Pitching an MLD Trailstar in extremely windy conditions

On a very windy walk in the Peak District last week I took opportunity to practice pitching my Trailstar. My brother took some video and as you can see it is a little blowy! The forecast was for 50 – 60 mph winds but I have no idea what the actual wind speed was other than it was extremely windy! The temperature was just 3 degrees C and with the wind chill it was bitterly cold. Unfortunately the video stops short of the final moments but you get the picture (there is another little clip that I might post sometime)

The Trailstar was seriously bowed in at the back once pitched and I could not manage to stop the front sides from blowing out. Still, due to the large internal space of the shelter it would have been quite possible to have used it to camp in an emergency if a more sheltered spot could not be found. It was an interesting exercise.

In response to Martin Rye’s question in the comments of ‘what height was the Trailstar pitched at?’ it got me thinking. The answer is I don’t honestly know but I seem to remember I was going to pitch it a 100cm high but I have a feeling that I set one section of my trekking pole to the 110cm mark (in my haste in the extreme conditions, it just goes to show mistakes are easily made!) so the pole could have ended up being 105cm. Anyway, I just checked the recommended poles heights on the MLD website and I could have pitched it as low as 36″ which is about 91.5 cm, which may have made a small but significant difference if I had to shelter under the Trailstar for any length of time in these conditions.

10 thoughts on “Pitching an MLD Trailstar in extremely windy conditions

  1. An interesting exercise!
    When I had my Trailstar up in a raging storm last May, in Scotland, the sides were seriously bowed, but it did stay up. I kept the entrance low – crawl in. My biggest fear was the stakes coming out.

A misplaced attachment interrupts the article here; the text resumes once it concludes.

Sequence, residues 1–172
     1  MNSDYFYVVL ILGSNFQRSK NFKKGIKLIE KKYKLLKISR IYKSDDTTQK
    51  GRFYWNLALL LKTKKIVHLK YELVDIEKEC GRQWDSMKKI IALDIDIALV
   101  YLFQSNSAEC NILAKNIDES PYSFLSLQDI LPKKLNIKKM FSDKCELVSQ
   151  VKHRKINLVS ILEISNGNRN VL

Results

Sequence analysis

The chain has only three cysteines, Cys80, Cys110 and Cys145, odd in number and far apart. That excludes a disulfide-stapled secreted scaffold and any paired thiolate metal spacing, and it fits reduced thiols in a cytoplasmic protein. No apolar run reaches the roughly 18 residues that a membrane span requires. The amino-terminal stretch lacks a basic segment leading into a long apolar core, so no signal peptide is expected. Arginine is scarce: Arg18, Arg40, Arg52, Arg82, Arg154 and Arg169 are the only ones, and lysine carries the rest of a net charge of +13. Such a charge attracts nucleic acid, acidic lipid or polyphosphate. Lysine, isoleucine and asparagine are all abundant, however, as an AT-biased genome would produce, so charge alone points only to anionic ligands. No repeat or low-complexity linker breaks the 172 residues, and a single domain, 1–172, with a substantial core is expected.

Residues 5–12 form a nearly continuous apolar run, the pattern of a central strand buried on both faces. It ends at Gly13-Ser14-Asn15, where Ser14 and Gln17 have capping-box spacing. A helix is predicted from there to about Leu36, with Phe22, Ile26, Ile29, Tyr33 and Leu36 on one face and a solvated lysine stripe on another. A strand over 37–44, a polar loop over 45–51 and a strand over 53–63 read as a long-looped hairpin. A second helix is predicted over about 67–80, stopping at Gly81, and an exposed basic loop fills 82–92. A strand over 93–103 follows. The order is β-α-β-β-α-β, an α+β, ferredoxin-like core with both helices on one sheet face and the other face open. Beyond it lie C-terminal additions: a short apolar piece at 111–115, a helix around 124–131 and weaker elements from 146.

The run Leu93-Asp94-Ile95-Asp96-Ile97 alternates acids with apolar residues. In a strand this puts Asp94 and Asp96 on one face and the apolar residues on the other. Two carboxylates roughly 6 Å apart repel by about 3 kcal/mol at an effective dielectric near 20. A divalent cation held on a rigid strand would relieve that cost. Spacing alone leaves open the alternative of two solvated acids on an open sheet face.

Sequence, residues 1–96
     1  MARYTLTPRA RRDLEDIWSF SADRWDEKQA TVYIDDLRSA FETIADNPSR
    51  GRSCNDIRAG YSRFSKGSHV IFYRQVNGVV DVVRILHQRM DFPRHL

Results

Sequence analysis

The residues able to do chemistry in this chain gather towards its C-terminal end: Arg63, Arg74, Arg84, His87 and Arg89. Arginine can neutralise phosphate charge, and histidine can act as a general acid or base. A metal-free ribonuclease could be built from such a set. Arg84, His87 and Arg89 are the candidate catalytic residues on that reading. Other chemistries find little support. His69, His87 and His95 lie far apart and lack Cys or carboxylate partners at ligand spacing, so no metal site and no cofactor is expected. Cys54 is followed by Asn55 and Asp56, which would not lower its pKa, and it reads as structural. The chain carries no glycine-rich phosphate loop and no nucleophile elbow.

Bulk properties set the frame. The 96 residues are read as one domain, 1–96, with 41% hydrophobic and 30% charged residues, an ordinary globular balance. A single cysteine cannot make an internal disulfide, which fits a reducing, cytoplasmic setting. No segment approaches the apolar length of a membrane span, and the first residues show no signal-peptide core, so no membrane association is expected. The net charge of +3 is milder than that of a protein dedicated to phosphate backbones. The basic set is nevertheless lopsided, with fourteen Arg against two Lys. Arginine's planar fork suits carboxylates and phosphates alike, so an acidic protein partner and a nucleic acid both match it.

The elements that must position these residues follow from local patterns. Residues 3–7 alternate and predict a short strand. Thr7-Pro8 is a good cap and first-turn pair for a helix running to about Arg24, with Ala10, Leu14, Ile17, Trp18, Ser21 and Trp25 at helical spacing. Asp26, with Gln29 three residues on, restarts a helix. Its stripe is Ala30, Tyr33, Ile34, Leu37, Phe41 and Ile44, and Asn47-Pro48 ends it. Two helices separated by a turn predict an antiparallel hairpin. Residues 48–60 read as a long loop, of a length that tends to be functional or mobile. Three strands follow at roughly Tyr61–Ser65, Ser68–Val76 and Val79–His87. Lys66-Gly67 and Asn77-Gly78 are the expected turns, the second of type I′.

In these sort of conditions I don’t think it is a question of sleeping – more one of surviving.
    Even with some pretty bombproof shelters – choice of where to pitch is still very important. I would not want to repeat such a stormy, exposed pitch again, if I had a choice.

    • I think it is important to try your kit out in different and extreme conditions so you know how it performs and what to expect should you find yourself in difficulty.

      The stakes I used were those that I bought with the Trailstar. The 9 inch gold ones for the corners were excellent even in the soft soggy ground on Kinder.

      I would not want to have to be forced to make camp in those conditions though, emergencies only.

  2. Smashing – although tell your brother he is a lazy bugger – anyone can hold a camera. Takes a real man to pitch a shelter in high wind! ;-)

  3. Pingback: Photographs from Kinder Scout, Peak District | bryan waddington

    • Hi Martin, I think I pitched it at about 105 – 110cm. I checked the MLD website and it could have been lower – see my update in the post.

    • I definately need to try my Trailstar at 90cm in a storm! Madness, for some, to want to do it but I know the TS will hold up and I want to try it! I’ll get my chance soon.

      Thanks for the link and I’m glad you are enjoying my blog.

  4. I wonder how it would compare to the Vango Force 10 – my current antique shelter still surviving from my Scouting days. That weighs in at more than 10 times as much as the Trailstar, but should be able to take high wind.
    I was looking at something like the Trailstart, or DuoMid, or Wickyup3 as a lighter weight replacement.

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